In conclusion, Lp-PLA2 is potentially a marker of vascular inflammation, a risk factor, a prognostic biomarker, and ultimately a target of therapy. In the perspective of further development, at least three questions are of crucial importance: the first is whether Lp-PLA2-related parameters can be used as biomarkers of inflammatory activity, with the advantage over C-reactive protein of possessing some specificity for cardiovascular disease and/or risk. It is well known that major known risk factors account for only about half of the variability in cardiovascular risk, and the quest for more accurate and more sophisticated risk scores is ongoing. To this end, it will be important to understand how much the addition of Lp-PLA2-related parameters potentiates the prognostic information that derives from conventional (more accessible) risk factors. Also, it will have to be clarified whether the additional information provided by Lp-PLA2 measures can be applied in individual patients, and whether Lp-PLA2-based therapeutic strategies improve cardiovascular outcomes.
The second point is what to do to develop Lp-PLA2 as a therapeutic target. Lp-PLA2 levels are indirectly modified by lipid-lowering therapies, but therapies based on specific targeting of Lp-PLA2 will have to be tested in terms of hard outcomes. In particular, the true role of Lp-PLA2 in atherogenesis—as a mediator, a defence mechanism, or a bystander—will need to be investigated, and it will need to be clarified whether inhibition of Lp-PLA2 might lead to paradoxical accumulation of proinflammatory or prothrombotic moieties.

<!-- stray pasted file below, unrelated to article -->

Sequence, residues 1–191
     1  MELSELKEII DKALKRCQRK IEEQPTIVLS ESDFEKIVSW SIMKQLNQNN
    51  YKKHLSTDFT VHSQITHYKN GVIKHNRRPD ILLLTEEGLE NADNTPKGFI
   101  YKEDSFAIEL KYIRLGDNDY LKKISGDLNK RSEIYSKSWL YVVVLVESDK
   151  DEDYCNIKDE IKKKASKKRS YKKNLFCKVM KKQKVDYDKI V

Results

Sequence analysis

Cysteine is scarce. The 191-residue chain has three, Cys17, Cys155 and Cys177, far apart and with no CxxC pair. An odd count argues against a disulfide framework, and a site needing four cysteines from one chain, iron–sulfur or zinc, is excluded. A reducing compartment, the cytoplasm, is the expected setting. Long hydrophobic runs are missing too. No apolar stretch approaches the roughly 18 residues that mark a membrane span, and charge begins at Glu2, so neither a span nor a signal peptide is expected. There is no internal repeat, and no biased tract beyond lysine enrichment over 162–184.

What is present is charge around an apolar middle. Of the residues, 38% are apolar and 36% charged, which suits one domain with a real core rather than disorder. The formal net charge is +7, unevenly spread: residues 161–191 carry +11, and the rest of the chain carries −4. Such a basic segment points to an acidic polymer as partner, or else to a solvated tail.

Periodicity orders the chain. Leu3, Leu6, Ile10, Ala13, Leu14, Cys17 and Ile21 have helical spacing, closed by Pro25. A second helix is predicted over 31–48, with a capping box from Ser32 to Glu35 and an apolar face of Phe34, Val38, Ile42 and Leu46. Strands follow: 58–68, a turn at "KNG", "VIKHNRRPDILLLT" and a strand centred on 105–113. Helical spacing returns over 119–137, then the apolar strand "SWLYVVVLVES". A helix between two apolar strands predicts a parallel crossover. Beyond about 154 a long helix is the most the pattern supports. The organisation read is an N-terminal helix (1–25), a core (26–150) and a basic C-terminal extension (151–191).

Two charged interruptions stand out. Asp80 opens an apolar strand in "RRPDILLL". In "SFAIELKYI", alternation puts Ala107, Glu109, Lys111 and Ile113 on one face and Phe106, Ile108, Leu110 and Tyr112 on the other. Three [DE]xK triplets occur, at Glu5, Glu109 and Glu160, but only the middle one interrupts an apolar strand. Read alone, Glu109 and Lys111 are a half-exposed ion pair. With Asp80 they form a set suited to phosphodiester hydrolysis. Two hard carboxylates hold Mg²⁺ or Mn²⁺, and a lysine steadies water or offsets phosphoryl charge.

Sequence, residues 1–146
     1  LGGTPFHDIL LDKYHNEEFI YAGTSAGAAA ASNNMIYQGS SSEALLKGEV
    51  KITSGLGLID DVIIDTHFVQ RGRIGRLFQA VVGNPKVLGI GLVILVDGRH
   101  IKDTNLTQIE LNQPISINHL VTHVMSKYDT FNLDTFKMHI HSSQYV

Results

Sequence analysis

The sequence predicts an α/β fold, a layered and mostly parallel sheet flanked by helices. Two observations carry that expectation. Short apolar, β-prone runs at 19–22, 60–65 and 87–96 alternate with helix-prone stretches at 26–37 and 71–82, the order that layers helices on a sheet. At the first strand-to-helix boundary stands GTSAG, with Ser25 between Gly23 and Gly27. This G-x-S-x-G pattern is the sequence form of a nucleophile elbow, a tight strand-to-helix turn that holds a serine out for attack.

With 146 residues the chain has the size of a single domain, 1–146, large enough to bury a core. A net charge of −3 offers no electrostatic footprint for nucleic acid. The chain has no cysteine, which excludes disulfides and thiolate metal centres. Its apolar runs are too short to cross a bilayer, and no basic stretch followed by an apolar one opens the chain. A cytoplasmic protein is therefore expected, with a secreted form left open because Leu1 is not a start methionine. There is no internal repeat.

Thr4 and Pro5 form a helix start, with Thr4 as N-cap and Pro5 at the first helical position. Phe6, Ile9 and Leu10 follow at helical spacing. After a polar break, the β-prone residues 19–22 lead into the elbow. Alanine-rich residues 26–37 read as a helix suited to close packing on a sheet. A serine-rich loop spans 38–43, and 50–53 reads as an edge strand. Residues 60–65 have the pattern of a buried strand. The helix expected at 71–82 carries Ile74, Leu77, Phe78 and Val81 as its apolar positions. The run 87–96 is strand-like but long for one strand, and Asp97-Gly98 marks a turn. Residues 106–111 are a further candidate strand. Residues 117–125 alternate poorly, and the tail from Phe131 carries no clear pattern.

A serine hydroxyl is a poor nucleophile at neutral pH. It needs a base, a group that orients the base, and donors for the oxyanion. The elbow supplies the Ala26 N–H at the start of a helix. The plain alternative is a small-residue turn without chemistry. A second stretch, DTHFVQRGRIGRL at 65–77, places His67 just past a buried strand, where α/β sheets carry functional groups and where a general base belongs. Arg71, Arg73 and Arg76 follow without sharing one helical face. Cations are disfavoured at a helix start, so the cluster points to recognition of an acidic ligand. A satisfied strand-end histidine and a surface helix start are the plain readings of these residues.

Finally, the data from the paper of Herrmann et al., along with those previously published by the same group,16 suggest that the abundance of Lp-PLA2 at the level of specific plaques might be a potent prognostic marker in our ongoing quest for the ‘vulnerable plaque’ or the ‘vulnerable patient’. Newer technologies such as virtual histology, intravascular ultrasound palpography and thermography, optical coherence tomography, and especially non-invasive techniques would definitely benefit from a molecular imaging biomarker that allows the study of plaque composition and characteristics in a safe and reliable way. In this perspective, invasive or non-invasive technologies that allow identification of biological markers of instability in single plaques are eagerly awaited.
Conflict of interest: none declared.